Rotator Cuff Pain

Shoulder pain when sleeping on your side

Trigger point pain post includes

  • how people describe this problem
  • activities that create or aggravate the trigger point
  • links to relief through self-care, anatomy, and massage notes

Want to skip ahead?
Here’s a link to my post about
getting relief on your own.

How People Describe This Pain Pattern

People complain of pain that disturbs their sleep when lying on the painful shoulder or the opposite shoulder. It is a deeper pain than the illustration suggests. They have spent most of their time sleeping on that shoulder with that hand in front of them. It usually comes on gradually over months and eventually gets difficult to ignore.

Often, the afflicted have tried many sleeping positions and would just like to get back to sleeping on their side, which is most restful.

Other symptoms are common but not always present, The grip is weak on that hand, and they have learned to be careful with things like a coffee cup. They may have pain in the back of the neck but usually don’t complain about it first. They may also have pain when reaching high overhead.

How You Activate and Intensify This Pain Pattern

Tucking in a shirt or reaching to the back seat is painful and aggravates the trigger point. It can be sharp when you extend their arm out to put something on the nightstand.

This pain pattern may come on quickly when there is a trauma to the shoulder. Common incidents include when the shoulder gets twisted against the front of the body in a fall. The shoulder may also get overstretched by a dog that jerks the shoulder forward on a leash.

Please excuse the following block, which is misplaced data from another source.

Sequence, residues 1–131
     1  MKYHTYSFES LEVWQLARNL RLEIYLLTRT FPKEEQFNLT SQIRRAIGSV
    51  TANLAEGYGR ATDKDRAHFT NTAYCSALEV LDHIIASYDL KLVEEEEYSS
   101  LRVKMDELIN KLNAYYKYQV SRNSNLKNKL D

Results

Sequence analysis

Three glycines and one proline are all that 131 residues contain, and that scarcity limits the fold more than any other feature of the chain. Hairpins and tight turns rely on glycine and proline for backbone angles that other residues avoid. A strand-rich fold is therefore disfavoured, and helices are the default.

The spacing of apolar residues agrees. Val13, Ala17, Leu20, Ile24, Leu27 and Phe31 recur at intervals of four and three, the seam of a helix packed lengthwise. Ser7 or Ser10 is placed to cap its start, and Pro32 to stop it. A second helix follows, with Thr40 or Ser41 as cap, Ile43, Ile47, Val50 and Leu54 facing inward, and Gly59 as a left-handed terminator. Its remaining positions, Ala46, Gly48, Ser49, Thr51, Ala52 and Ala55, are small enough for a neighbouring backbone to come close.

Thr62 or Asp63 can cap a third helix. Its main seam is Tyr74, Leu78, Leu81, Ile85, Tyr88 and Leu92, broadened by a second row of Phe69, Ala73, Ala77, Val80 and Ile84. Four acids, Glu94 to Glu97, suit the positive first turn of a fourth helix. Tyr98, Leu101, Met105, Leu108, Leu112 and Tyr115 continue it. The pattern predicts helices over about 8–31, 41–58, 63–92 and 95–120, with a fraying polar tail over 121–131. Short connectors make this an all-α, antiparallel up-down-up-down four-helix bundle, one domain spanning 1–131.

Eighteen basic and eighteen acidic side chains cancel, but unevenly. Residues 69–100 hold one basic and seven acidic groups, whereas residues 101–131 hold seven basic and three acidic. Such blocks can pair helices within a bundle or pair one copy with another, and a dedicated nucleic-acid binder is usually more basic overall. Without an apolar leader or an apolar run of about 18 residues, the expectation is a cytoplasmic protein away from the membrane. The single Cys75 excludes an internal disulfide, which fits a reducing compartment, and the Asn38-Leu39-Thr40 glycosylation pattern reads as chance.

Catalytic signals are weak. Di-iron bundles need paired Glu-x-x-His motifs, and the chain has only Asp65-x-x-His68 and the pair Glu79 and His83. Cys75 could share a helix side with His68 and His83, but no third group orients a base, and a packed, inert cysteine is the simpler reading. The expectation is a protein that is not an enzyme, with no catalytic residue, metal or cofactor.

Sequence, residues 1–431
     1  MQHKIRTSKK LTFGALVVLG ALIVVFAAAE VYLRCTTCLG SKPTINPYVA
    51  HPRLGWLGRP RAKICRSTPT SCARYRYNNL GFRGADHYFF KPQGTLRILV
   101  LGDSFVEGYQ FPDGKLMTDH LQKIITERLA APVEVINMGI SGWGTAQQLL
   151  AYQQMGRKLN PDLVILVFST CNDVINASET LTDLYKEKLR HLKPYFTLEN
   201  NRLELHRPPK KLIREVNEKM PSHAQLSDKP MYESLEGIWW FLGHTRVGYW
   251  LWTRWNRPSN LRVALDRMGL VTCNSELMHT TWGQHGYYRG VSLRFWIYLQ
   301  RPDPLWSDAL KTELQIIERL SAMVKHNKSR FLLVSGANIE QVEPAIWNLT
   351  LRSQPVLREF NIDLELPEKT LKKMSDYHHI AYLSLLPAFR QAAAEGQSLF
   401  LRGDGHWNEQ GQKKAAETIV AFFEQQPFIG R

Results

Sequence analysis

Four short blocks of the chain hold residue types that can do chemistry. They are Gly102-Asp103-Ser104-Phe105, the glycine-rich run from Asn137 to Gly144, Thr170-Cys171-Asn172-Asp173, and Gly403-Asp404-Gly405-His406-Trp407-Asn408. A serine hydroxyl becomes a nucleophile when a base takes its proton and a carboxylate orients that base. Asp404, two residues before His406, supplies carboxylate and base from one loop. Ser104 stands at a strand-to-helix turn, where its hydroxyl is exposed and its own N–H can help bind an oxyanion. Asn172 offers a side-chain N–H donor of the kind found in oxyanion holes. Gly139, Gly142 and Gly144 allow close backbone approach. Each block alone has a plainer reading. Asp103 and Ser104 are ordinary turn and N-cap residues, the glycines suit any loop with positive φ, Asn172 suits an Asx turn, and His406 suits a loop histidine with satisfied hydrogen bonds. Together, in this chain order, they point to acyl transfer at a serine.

If the trigger point is already mildly aggravated and the shoulder joint is binding, it can be intensified by reaching back suddenly or having the arm forced back. This can also happen when catching yourself in a fall or reaching back quickly to attend to a child in the car.

The trigger point is activated at night because sleeping on that shoulder has chronically pushed the humerus in the shoulder socket, and the muscle has tightened to stabilize the shoulder. It’s just a trigger point doing its job.


Testing to Assess the Trigger Point

These tests will produce pain and restricted motion when the trigger points in the infraspinatus are active.

The first test involves placing the forearm across the low back. It usually produces pain in the shoulder. Pain worsens as you reach up the middle of the back. Notably, this may also indicate trigger points in the coracobrachialis with a different pain pattern.

In the second test, reach around the back of your head like the pic. When the trigger points are active, it is restricted and painful. Also, you cannot contact the edge of your mouth without pain and stiffness.

The Musculoskeletal Anatomy Behind Your Pain

Musculoskeletal Anatomy

About these Illustrations…

This post on anatomy contains standard information about the origin, insertion, function, and innervation of muscles. It also includes information on functional considerations and anomalies.

Find Related Posts

Anatomy posts have a grid of all related posts. This includes posts on pain patterns, self-care, therapy notes, NMT protocols, cranial techniques, and cases.

Getting Relief on Your Own

Clinically Proven
Self-Care Strategies

This post has strategies for getting relief on your own. Explore how to change your activities, stretch, and other strategies that relieve the pain associated with this trigger point.

Therapy Notes for Massage and Bodywork

Better Bodywork
Through Shared Expertise

This post has techniques, tips, treatment routines, and anatomy illustrations to improve the bodyworker’s approach.

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Tony Preston has a practice in Atlanta, Georgia, where he sees clients. He has written materials and instructed classes since the mid-90s. This includes anatomy, trigger points, cranial, and neuromuscular.

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Tony Preston

Tony Preston, LMT has been treating adults and children since the early 90s. He has authored a number of texts on neuromuscular and craniosacral techniques. He has taught Neuromuscular Therapy for ASHA School of Massage and craniosacral the National Institute of Craniosacral Studies. He currently teaches seminars in Integrative Craniosacral techniques at The Body Guild.

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